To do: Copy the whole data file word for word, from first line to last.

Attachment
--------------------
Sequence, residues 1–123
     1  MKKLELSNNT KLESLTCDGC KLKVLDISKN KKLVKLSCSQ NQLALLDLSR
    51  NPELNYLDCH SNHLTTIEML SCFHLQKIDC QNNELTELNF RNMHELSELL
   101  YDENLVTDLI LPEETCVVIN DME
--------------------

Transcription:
Sequence, residues 1–123
     1  MKKLELSNNT KLESLTCDGC KLKVLDISKN KKLVKLSCSQ NQLALLDLSR
    51  NPELNYLDCH SNHLTTIEML SCFHLQKIDC QNNELTELNF RNMHELSELL
   101  YDENLVTDLI LPEETCVVIN DME